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On this occasion, to my relief, the guy next to me is a fellow journalist and veteran of the nightmare landings. Even so, as we begin the descent, I move my hand away from the armrest. Looking over my shoulder, I see a familiar expression on the faces of my co-passengers: a mixture of fear and resignation. Sister Benedetta is staring up at the ceiling, her lips moving in prayer. I reach into my shirt pocket and surreptitiously rub my fingers over that laminated picture. When the Fokker's wheels hit the tarmac, 50 people sigh in unison, 50 stomachs unclench. But the relief is temporary; most of us still have to negotiate the Highway of Death. There have been hundreds of insurgent and terrorist attacks along its length since the U.S. military established its largest Iraqi base, Camp Victory, next to the airport three years ago. Many of the attacks are directed at U.S. patrols, but they have also killed scores of Iraqi noncombatants. Last summer two of my Iraqi colleagues were badly wounded when a roadside bomb went off next to their car on the Highway of Death; twice I've been caught in cross fire between insurgents and U.S. soldiers.
Recently the highway has become less deadly--perhaps the only place in Baghdad that can make such a claim. The once daily attacks along the road have given way to occasional strikes, like the twin suicide bombings in May that killed 14 Iraqis near Checkpoint 1, where arriving travelers meet transport waiting to take them into the city. U.S. officials claim the decline in attacks as a victory for military strategy, attributing it to the greatly increased visibility of Iraqi soldiers along the road. My contacts in the insurgency offer an alternative, equally plausible explanation: there are fewer U.S. patrols and convoys on the road than before, fewer targets to attack.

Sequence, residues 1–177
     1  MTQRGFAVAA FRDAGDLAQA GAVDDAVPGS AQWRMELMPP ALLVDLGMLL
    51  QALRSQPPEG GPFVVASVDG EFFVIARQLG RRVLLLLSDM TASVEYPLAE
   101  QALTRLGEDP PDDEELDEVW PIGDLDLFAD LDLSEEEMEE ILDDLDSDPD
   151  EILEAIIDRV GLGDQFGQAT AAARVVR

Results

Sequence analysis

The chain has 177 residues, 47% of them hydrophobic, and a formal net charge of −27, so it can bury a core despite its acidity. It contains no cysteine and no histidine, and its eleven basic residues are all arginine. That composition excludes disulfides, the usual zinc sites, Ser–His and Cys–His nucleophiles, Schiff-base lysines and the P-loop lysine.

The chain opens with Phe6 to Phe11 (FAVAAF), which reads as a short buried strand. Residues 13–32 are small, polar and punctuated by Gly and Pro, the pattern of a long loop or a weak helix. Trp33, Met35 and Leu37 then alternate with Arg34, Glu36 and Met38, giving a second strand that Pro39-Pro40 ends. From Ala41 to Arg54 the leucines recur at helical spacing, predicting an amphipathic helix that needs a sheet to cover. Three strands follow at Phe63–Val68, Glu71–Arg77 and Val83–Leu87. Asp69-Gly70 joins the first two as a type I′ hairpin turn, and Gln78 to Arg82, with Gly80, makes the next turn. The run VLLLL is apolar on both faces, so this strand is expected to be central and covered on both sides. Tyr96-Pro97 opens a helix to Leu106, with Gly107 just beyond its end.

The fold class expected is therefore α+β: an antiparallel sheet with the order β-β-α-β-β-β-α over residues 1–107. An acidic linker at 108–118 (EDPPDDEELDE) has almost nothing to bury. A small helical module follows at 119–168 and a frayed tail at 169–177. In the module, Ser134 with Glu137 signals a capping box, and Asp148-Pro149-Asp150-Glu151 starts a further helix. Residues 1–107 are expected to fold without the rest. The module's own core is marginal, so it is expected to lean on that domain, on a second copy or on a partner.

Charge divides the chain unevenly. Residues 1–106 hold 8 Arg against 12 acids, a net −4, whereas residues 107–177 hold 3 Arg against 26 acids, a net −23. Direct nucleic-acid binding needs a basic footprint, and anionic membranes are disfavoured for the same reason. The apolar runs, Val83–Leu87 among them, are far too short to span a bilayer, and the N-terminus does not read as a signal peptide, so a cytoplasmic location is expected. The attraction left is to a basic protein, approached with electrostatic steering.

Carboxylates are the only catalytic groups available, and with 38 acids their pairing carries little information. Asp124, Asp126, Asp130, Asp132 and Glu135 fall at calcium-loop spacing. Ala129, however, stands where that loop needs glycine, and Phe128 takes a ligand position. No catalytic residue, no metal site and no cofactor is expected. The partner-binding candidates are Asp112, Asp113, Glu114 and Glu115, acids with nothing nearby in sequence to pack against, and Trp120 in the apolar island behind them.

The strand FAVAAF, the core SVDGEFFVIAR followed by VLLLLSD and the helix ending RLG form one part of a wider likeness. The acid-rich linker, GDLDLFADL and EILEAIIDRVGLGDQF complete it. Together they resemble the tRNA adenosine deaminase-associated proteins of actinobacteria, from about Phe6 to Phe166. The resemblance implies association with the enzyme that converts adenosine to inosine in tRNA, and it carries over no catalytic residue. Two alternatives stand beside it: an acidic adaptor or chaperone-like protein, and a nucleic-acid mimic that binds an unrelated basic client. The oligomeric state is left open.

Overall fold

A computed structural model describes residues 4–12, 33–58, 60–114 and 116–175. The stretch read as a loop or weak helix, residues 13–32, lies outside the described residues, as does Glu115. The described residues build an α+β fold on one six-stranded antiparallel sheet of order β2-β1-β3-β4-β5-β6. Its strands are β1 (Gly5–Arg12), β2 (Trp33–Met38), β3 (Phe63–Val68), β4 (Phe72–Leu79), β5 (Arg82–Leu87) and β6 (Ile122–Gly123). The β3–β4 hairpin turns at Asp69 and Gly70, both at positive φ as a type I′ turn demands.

Although a ride on the Highway of Death once exaggerated the dangers lurking in Baghdad, it now does the opposite, lulling newcomers into a false sense of security. Even as the airport route has got somewhat safer, huge portions of the Iraqi capital have become far more dangerous. I pass one of those on the drive into the city: Amariyah, the mainly Sunni suburb adjacent to Camp Victory and home to Mahmud, one of my Iraqi colleagues. (The names of most of TIME's Iraqi employees have been changed in this article for their protection; working for a foreign company makes them targets for insurgents, and many lie, even to their closest neighbors, about what they do for a living.) A couple of years ago, it was easy to visit with Mahmud's family in their sand-colored two-story home; last year it became too perilous for foreigners after insurgent groups began operating in the area. Now, even Iraqis feel unsafe in Amariyah. Mahmud began to move out his extended family earlier this year when the neighborhood was taken over by a jihadi gang that imposed an extreme interpretation of Islamic law. Women were forbidden to drive, men were ordered not to wear shorts, and shops selling Western goods were firebombed.